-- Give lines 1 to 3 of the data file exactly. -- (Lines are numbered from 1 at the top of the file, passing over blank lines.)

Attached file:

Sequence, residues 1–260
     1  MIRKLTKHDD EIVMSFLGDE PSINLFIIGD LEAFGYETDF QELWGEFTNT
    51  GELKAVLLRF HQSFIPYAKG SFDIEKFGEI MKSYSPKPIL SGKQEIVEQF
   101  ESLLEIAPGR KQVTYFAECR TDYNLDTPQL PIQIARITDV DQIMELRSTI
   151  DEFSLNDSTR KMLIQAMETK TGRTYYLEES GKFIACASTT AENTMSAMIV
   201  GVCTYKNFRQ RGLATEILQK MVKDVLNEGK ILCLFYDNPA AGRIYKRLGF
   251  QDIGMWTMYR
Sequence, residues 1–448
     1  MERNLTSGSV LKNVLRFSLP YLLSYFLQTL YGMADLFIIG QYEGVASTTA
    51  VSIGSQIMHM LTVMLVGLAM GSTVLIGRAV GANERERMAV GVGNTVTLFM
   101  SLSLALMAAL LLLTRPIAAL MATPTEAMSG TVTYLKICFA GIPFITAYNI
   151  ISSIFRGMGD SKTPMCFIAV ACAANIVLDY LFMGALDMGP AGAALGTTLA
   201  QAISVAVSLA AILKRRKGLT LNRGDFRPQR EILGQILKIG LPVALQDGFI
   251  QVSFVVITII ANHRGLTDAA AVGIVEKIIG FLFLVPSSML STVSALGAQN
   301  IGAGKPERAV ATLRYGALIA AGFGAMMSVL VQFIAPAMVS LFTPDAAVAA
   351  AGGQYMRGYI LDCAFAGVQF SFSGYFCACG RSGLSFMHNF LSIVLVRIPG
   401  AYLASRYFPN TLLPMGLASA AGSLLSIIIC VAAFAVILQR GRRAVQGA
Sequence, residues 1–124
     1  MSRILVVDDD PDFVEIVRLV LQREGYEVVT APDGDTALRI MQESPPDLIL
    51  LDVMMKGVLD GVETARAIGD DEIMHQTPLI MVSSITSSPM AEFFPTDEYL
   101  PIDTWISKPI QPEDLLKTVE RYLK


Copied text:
Sequence, residues 1–260
     1  MIRKLTKHDD EIVMSFLGDE PSINLFIIGD LEAFGYETDF QELWGEFTNT
    51  GELKAVLLRF HQSFIPYAKG SFDIEKFGEI MKSYSPKPIL SGKQEIVEQF